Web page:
Here’s the good news. Maintaining a battery-operated electric vehicle is rather simple. It actually requires less maintenance than a conventional car. Here are a few simple things you need to keep in mind.
An EV has a simple powertrain that doesn’t require much servicing. Replacing battery packs and electric motors is expensive but very rare. EV powertrains last for years and tens of thousands of miles. They also have long warranties on them because the manufacturers know how reliable they are.
Certain parts may require attention from time to time. In EVs, the brake wear is comparatively lower than that on a conventional vehicle, thanks to the regenerative braking system that slows the car down while charging the battery. But occasionally, brake fluid and brake components will require replacement. The transmission may require a fluid change during the EV’s life but check your manual to understand when it’s needed. EVs use a coolant to keep the charger, inverter, and battery pack cool. Occasional coolant flushes may be required to maintain efficiency. The only parts that require regular maintenance like conventional cars are the tires. These need to be rotated as per the manufacturer’s specifications and changed when needed.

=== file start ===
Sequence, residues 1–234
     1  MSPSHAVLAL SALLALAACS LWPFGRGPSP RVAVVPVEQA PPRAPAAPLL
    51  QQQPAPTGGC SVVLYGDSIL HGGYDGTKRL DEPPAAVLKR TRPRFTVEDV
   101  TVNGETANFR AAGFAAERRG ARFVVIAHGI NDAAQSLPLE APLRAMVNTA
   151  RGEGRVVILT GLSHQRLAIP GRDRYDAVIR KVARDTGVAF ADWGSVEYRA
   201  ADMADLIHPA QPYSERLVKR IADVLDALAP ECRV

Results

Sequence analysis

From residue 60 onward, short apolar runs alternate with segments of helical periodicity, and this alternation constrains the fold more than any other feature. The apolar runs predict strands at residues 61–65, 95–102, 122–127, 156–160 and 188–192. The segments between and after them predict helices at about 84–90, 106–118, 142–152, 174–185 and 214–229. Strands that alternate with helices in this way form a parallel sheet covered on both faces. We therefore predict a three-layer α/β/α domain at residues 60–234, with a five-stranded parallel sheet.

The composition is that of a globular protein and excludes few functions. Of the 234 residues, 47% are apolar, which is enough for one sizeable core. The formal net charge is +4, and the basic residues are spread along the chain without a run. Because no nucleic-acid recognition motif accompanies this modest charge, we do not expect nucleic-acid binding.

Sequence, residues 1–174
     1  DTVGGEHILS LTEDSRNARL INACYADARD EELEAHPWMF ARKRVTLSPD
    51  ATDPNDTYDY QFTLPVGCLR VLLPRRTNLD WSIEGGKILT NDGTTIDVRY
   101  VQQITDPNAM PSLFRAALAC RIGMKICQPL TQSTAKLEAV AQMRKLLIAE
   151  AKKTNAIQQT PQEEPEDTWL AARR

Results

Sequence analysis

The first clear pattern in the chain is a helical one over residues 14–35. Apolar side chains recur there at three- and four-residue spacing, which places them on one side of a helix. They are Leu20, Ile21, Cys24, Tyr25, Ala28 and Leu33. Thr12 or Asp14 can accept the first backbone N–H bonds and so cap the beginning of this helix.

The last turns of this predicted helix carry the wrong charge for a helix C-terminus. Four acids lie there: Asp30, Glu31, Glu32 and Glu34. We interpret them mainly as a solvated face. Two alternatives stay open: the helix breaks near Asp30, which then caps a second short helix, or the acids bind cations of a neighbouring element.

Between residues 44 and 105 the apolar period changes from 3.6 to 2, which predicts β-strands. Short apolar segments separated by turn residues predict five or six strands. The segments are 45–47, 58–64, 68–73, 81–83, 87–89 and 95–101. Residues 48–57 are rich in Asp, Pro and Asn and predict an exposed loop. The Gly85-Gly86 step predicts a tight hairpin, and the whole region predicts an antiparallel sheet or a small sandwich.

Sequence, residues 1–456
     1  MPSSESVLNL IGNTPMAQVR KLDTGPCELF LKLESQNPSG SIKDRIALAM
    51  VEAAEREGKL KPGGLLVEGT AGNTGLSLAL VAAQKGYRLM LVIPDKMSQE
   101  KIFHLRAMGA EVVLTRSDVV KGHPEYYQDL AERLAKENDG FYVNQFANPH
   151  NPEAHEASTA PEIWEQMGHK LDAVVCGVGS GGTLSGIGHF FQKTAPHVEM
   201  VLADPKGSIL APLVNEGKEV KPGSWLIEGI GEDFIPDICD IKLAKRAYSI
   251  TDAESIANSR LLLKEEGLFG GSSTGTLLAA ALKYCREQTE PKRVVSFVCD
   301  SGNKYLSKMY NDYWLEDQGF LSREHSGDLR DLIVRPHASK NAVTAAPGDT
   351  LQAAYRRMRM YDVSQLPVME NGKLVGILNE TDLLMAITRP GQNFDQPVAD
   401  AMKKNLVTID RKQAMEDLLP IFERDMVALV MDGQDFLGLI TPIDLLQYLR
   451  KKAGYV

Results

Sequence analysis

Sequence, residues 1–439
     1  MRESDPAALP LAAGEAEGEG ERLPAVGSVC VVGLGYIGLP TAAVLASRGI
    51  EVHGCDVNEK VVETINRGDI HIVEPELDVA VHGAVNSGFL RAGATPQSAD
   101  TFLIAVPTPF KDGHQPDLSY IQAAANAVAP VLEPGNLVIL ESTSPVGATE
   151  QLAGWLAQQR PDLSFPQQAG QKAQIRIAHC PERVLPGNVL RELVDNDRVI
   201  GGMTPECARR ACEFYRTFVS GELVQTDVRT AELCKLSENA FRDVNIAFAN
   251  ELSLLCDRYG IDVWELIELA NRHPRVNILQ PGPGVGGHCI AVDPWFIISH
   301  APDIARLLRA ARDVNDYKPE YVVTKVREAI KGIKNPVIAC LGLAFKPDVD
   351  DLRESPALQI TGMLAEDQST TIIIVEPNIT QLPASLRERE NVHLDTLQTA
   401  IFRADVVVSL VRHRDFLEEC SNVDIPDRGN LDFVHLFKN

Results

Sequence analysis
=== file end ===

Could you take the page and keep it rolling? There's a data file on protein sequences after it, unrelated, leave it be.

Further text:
The electric motor and battery pack in your EV will degrade over time, just like mechanical parts in a conventional car. However, there are ways in which you can prolong the life of your precious battery packs. Remember to avoid extremely hot or cold temperatures as they negatively affect performance. Most EVs will have auxiliary heating and cooling systems to maintain battery packs at optimum levels. Also, avoid fully charging and depleting the battery regularly. This will degrade the battery pack. Manufacturers also build safeties in the system to prevent 100% charging to limit battery degradation. Level 2 chargers are the best way to charge your EV regularly. Using a fast charger all the time can also contribute to battery degradation. In fact, regular fast charging can degrade batteries faster than Level 2 charging.
And that’s it. Buying an EV is a smart move. Luckily, you don’t need to do much to keep it running smoothly for years.